b ) Cooperating with the hierarchy in their own way, the laity contribute the benefit of their experience to, and assume responsibility for the direction of these organizations, the consideration of the conditions in which the pastoral activity of the Church is to be conducted, and the elaboration and execution of the plan of things to be done.
c) The laity act together in the manner of an organic body so that the community of the Church is more fittingly symbolized and the apostolate rendered more effective.
d) Whether they offer themselves spontaneously or are invited to action and direct cooperation with the apostolate of the hierarchy, the laity function under the higher direction of the hierarchy itself, and the latter can sanction this cooperation by an explicit mandate.
Organizations in which, in the opinion of the hierarchy, the ensemble of these characteristics is realized, must be considered to be Catholic Action even though they take on various forms and titles because of the needs of different regions and peoples.
The most holy council earnestly recommends these associations, which surely answer the needs of the apostolate of the Church among many peoples and countries, and invites the clergy and laity working in them to develop the above-mentioned characteristics to an ever greater degree and to cooperate at all times with all other forms of the apostolate in a fraternal manner in the Church.
21. All associations of the apostolate must be given due appreciation. Those, however, which the hierarchy have praised or recommended as responsive to the needs of time and place, or have ordered to be established as particularly urgent, must be held in highest esteem by priests, Religious, and laity and promoted according to each one's ability. Among these associations, moreover, international associations or groups of Catholics must be specially appreciated at the present time.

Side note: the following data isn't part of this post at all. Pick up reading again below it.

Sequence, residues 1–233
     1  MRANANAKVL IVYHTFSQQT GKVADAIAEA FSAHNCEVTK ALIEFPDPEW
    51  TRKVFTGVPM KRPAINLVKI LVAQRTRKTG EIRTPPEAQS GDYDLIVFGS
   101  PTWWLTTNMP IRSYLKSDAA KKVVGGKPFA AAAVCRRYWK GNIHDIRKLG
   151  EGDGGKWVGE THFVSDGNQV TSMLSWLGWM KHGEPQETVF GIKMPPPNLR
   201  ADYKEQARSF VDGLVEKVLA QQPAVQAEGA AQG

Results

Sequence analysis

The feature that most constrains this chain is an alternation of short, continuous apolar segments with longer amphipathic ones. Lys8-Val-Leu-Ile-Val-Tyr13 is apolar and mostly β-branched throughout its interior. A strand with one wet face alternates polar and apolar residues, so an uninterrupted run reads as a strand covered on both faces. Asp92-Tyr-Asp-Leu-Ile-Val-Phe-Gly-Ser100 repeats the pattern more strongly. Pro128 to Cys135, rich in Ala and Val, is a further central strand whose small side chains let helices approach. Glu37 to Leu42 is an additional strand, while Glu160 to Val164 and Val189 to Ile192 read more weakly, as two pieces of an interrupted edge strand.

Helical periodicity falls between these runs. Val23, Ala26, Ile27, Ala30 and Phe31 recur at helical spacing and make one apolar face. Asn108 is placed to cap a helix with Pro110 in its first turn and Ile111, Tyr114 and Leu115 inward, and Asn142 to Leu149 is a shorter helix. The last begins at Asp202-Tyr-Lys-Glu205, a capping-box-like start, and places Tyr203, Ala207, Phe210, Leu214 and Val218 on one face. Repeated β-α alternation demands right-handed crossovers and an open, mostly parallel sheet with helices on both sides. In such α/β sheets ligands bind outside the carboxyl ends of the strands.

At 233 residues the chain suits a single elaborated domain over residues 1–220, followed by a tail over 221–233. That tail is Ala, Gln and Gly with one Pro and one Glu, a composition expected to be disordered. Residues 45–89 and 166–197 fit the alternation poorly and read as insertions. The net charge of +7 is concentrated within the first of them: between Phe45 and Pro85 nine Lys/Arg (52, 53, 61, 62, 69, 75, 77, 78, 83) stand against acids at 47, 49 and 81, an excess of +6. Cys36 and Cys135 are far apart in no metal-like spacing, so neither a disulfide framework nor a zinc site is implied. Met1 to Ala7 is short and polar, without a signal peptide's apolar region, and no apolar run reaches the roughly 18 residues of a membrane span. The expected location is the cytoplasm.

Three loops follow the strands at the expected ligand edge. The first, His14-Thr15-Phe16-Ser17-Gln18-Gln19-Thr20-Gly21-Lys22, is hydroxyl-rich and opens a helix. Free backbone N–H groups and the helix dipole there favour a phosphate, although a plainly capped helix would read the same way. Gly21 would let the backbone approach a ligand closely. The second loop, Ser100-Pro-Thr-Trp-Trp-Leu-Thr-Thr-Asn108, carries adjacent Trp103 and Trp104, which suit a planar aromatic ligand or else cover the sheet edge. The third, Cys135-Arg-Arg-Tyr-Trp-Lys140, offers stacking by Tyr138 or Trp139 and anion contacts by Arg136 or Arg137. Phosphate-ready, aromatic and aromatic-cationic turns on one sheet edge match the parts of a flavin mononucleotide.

22. Deserving of special honor and commendation in the Church are those lay people, single or married, who devote themselves with professional experience, either permanently or temporarily, to the service of associations and their activities. There is a source of great joy for the Church in the fact that there is a daily increase in the number of lay persons who offer their personal service to apostolic associations and activities, either within the limits of their own nation or in the international field or especially in Catholic mission communities and in regions where the Church has only recently been implanted.
The pastors of the Church should gladly and gratefully welcome these lay persons and make sure that the demands of justice, equity, and charity relative to their status be satisfied to the fullest extent, particularly as regards proper support for them and their families. They should also take care to provide for these lay people the necessary formation, spiritual consolation, and incentive.
. cf. Pius XII, allocution to the first convention of laymen representing all nations on the promotion of the apostolate, Oct. 15, 1951: A.A.S. 43 (1951) p. 788. Article 18:
. cf. Pius XII, allocution to the first convention of laymen representing all nations on the promotion of the apostolate Oct. 15, 1951: A.A.S. 43 (1951) pp. 787-788.
. cf. Pius XII, encyclical "Le Pelerinage de Lourdes," July 2, 1957: A.A.S. 49 (1957) p. 615. Article 19:
. cf. Pius XII, allocution to the assembly of the International Federation of Catholic Men, Dec. 8, 1956: A.A.S. 49 (1957) pp. 26- 27.
. cf. in Chap. 5, no. 24.
. cf. Sacred Congregation of the Council, concerning the dissolution of the Corrientes diocese in Argentina, Nov. 13, 1920: A.A.S. 13 (1921) p. 139.
. cf. John XXIII, encyclical "Princeps Pastorum," Dec. 10, 1959: A.A.S. 51 (1959) p. 856. Article 20:
. cf. Pius XI, letter "Quae Nobis" to Cardinal Bertram, Nov. 13, 1928: A.A.S. 20 (1928) p. 385. cf. also Pius XII, allocution to Italian Catholic Action, Sept. 4, 1940: A.A.S. 32 (1940) p. 362.